the results of a system that saw all the growth of the last three decades go to
the top 1 percent.”
Not so fast, says John Hagel III, who is the co-chairman of the Center for the
Edge at Deloitte, along with John Seely Brown. In their recent book, “The Power
of Pull,” they suggest that we’re in the early stages of a “Big Shift,”
precipitated by the merging of globalization and the Information Technology
Revolution. In the early stages, we experience this Big Shift as mounting
pressure, deteriorating performance and growing stress because we continue to
operate with institutions and practices that are increasingly dysfunctional — so
the eruption of protest movements is no surprise.
Yet, the Big Shift also unleashes a huge global flow of ideas, innovations, new
collaborative possibilities and new market opportunities. This flow is
constantly getting richer and faster. Today, they argue, tapping the global flow
becomes the key to productivity, growth and prosperity. But to tap this flow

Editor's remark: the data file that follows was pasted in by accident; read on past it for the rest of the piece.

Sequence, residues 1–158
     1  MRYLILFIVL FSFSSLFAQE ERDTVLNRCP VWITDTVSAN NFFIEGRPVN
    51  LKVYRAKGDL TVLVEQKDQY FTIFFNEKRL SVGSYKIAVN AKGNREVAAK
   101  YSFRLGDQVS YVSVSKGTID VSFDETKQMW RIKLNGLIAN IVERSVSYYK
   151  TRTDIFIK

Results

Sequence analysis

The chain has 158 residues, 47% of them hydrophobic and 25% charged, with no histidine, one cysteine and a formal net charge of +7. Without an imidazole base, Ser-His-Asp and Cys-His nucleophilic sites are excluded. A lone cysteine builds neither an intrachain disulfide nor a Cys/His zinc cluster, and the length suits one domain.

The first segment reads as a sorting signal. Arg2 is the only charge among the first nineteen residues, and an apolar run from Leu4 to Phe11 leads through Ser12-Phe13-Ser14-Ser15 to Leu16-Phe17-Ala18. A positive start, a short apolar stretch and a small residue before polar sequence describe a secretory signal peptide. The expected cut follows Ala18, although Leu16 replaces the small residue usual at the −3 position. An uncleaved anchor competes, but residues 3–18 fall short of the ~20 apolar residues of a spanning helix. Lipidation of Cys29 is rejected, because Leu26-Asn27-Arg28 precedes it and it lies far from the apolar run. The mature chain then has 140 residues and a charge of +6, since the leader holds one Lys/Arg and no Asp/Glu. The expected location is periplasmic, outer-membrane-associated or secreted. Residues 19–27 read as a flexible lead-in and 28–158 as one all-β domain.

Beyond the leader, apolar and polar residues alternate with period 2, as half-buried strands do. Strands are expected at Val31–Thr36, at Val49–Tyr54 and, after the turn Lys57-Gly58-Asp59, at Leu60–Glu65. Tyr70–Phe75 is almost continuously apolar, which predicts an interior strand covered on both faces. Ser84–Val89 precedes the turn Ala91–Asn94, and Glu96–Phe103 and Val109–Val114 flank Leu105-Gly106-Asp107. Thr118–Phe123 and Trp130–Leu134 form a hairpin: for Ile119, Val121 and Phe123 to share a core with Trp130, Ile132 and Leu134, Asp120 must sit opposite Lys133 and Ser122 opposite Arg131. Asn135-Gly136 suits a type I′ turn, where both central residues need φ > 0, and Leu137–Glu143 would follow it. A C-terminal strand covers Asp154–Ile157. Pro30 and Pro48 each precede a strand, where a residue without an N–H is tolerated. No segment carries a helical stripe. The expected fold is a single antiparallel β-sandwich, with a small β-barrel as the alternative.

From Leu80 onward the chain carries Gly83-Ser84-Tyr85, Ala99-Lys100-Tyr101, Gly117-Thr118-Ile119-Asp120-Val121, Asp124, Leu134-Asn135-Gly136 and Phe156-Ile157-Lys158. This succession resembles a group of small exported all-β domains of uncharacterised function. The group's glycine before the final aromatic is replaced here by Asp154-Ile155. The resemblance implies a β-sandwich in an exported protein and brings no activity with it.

effectively, every country, company and individual needs to be constantly
growing their talents.
“We are living in a world where flow will prevail and topple any obstacles in
its way,” says Hagel. “As flow gains momentum, it undermines the precious
knowledge stocks that in the past gave us security and wealth. It calls on us to
learn faster by working together and to pull out of ourselves more of our true
potential, both individually and collectively. It excites us with the
possibilities that can only be realized by participating in a broader range of
flows. That is the essence of the Big Shift.”
Yes, corporations now have access to more cheap software, robots, automation,
labor and genius than ever. So holding a job takes more talent. But the flip
side is that individuals — individuals — anywhere can now access the flow to
take online courses at Stanford from a village in Africa, to start a new company
with customers everywhere or to collaborate with people anywhere. We have more
big problems than ever and more problem-solvers than ever.
So there you have it: Two master narratives — one threat-based, one